Ways to participate in our virtual walk Donate/Join/Fundraise Since the Walk is now virtual, registration is optional. You can turn your registration fee into a donation, join/create a team or become a fundraiser. Team Set Up Once you create a team, you'll get an email for page set up. We also have step-by-step instructions here to personalize your page. Sponsor Info Your company sponsorship heightens the visibility of your commitment to social responsibility. The return on investment benefits us all. Vendor/Exhibitor This year we're offering two vendor experiences: Both provide virtual promotion, one also offers limited sponsor benefits. Legacy Warriors Are you a sickle cell warrior who's 40 or older? We invite you to join our Legacy Salute! Sign up here by 9/5 to be included. The COVID-19 pandemic will keep us from walking together, but the reasons we walk are still present every day in every individual living with sickle cell. We still need your help to meet the needs of our community. How Our Virtual Walk Works “Join where you are and move how you choose” is the theme of this year’s Sickle Cell Matters Virtual Walk. This means you can participate from anywhere – home, a favorite landmark, nearby park, or your local drop-off election ballot box . (Hint!) Everyone who registers, donates, or starts a team will receive a pedometer, but you’re not limited to walking. Change it up! Transfer the 30-40 minutes you would have used to walk with our group to a session of Zumba, yoga, golf, dancing or yes, walking. We encourage you to start on Sept. 14 to help us promote the event. Post photos or videos of your activity to your social media accounts using #SickleCellMattersWalkMI #SickleCellLivesMatter #SickleCellMichigan. Have fun with it – show off your steps, shout out your team, team members, and the warrior you’re participating for. Then on Saturday, Sept. 19, join us on Facebook @sicklecellmichigan for the online celebration beginning at 10 a.m. Right click to download, save and share this graphic! Contests & Prizes Right click to download, save and share this graphic! Everyone who supports our 2020 Sickle Cell Matters Virtual Walk by registering, donating, fundraising, or starting a team by 9/5 will receive a pedometer as a thank you and reminder that fitness – movement – is important for all of us every day. Everyone who signs up as a fundraiser or creates a team by 9/5 will also be entered into a giveaway for a $100 gift card. We’ll recognize the two teams that raise the most money by Sept. 12. Team captain of the top team receives a $100 gift card. The second place team captain will receive a $50 gift card. The team captain with the most walkers as of Sept. 12 will receive a $100 gift card. We’re expanding our annual T-Shirt Contest to include posters this year. Create a design supporting #SickleCellLivesMatter. Show your poster or wear your T-Shirt in your virtual walk photos and videos. Enter your T-Shirt and poster designs in the contest by Sept. 5 for a chance to win a $100 gift card. Winners will be announced on Sept. 19. (You must be registered for the walk, donate, or be signed up as a fundraiser or team captain to be eligible for entry.) Tribute to Fallen Warriors We offer our heartfelt condolences to all the friends, families and loved ones of individuals with sickle cell who’ve passed away over the years. This year, again, we’ll pay tribute to the lives of those we've lost here in Michigan. To include your loved one in our tribute, please send the following to email@example.com no later than Sept. 5: Name of the individual who passed away, dates of birth and death, and a photo. Right click to download, save and share this graphic! Salute to Legacy Warriors Right click to download, save and share this graphic! We’re inviting all individuals with sickle cell aged 40 and older to join our 2020 salute. Consider this an extra birthday celebration! The honors are open to all warriors, no matter where you live. Sign up here and send a photo of yourself to firstname.lastname@example.org with the subject line “Legacy Warrior.” Be sure to include your name in the email. #WarriorsWipeItDownChallenge We’re inviting all sickle cell warriors to join in a special #WipeItDown challenge for our virtual walk. Post to your social media using any of the day’s hashtags: #SickleCellMattersWalkMI #SickleCellLivesMatter #WarriorsWipeItDown Right click to download, save and share this graphic! #SickleSlide Calling the hustle crowd! Take on the Sickle Slide to raise consciousness around sickle cell in a fun and active way. Post your video and tag us @sicklecellmichigan. Be sure to post a fact or two about your life with sickle cell and use #SickleSlide and #SickleCellMattersWalkMI. You could be featured in our Walk day celebration! howwalkworks contests legacywarriors fallenwarriors wipeitdown sickleslide Check our leaderboard frequently to see how your campaign is doing and what the competition is up to. For additional information, please contact the following SCDAA-MI staff for specific assistance or call (313) 864-4406: Registration, team setup or technical issues - email Kristal Johnson Sponsorships - email Stefanie Worth Vendor Information - email Tracie Conic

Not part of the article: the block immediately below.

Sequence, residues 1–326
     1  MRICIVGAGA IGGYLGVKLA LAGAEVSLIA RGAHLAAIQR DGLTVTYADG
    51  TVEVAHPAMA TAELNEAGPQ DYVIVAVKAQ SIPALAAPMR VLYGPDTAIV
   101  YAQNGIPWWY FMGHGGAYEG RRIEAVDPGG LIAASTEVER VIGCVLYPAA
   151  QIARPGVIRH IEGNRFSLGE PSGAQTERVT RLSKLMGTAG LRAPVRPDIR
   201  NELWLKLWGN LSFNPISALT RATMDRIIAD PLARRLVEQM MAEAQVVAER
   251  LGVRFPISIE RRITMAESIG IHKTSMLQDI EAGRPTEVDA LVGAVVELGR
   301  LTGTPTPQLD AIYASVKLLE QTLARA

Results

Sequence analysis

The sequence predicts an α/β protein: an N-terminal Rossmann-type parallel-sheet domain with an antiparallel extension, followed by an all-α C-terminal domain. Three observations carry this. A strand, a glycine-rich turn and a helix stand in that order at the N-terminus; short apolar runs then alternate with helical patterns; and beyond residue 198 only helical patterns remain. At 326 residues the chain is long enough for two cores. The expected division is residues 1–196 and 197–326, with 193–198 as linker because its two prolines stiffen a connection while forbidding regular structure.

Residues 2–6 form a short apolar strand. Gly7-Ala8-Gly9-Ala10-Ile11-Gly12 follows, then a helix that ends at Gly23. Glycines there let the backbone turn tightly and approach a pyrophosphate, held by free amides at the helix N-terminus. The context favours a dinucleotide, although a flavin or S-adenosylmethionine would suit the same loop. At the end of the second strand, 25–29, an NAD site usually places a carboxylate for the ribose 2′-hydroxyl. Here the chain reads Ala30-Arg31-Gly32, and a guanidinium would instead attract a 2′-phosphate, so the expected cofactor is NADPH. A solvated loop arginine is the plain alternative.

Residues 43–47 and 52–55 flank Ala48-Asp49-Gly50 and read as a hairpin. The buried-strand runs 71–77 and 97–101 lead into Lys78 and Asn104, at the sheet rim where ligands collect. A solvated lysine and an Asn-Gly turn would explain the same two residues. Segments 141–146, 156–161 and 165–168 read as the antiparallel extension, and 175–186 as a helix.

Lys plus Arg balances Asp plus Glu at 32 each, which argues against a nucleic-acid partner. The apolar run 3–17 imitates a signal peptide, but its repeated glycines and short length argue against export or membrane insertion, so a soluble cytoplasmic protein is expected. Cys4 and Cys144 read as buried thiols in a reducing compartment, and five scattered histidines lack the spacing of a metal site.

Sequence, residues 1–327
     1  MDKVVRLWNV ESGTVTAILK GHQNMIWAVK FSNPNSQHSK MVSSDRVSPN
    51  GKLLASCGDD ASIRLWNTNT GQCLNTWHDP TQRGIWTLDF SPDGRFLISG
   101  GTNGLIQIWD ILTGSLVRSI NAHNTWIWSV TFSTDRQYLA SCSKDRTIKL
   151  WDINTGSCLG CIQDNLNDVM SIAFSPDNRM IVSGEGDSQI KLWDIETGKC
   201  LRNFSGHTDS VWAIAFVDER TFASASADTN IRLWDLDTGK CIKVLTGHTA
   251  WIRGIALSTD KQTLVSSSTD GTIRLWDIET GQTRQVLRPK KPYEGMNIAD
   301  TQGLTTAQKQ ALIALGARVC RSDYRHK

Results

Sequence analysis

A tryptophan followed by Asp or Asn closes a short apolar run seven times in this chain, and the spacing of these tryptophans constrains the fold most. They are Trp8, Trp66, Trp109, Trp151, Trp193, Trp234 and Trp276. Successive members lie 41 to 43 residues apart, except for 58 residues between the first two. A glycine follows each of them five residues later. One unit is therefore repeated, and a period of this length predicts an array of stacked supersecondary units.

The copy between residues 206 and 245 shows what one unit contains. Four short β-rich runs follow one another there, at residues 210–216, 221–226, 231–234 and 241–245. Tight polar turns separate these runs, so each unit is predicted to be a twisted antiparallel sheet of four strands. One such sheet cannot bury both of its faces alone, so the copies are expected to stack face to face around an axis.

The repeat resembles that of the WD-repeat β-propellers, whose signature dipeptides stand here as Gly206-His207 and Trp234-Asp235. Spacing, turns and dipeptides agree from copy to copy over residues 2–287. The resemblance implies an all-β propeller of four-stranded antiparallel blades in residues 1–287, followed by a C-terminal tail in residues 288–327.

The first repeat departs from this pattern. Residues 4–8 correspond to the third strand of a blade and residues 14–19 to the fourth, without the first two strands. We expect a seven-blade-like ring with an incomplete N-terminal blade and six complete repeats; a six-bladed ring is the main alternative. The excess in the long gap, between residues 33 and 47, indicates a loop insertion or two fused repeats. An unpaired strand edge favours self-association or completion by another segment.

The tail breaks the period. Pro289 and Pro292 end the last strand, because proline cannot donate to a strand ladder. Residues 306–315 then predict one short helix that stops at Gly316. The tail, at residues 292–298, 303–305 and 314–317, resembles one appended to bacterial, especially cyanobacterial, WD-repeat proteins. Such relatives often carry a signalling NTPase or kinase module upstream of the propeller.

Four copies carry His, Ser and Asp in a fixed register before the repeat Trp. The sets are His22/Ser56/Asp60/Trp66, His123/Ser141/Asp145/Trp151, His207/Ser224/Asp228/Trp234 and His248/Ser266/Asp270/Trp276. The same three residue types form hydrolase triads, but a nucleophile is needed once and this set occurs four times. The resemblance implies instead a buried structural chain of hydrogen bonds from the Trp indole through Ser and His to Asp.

- Elements | -scdaami-
un/re-used elements Our 2020 Sickle Cell Matters Walk features a Warriors dance challenge and a salute to our Legacy Warriors (ages 50 and up). Warrior Stroll #SickleSlideChallenge Be a part of the Warrior Stroll! New this year, the Warrior Stroll features the #SickleSlide dance challenge to open our Walk Day festivities. Warriors of all ages and abilities are welcome to participate in parts that suit their preference. Watch and learn , perfect your style, and post your video using #SickleSlideChallenge. Salute to Legacy Warriors The 2020 Sickle Cell Matters Walk will also feature a tribute to our Legacy Warriors - individuals with sickle cell who'll be 50 years or older as of Dec. 31, 2020. Sign up to be recognized on our web site, in the day-of-event printed program (must be signed up by Sept. 1, 2020), and from the stage during remarks.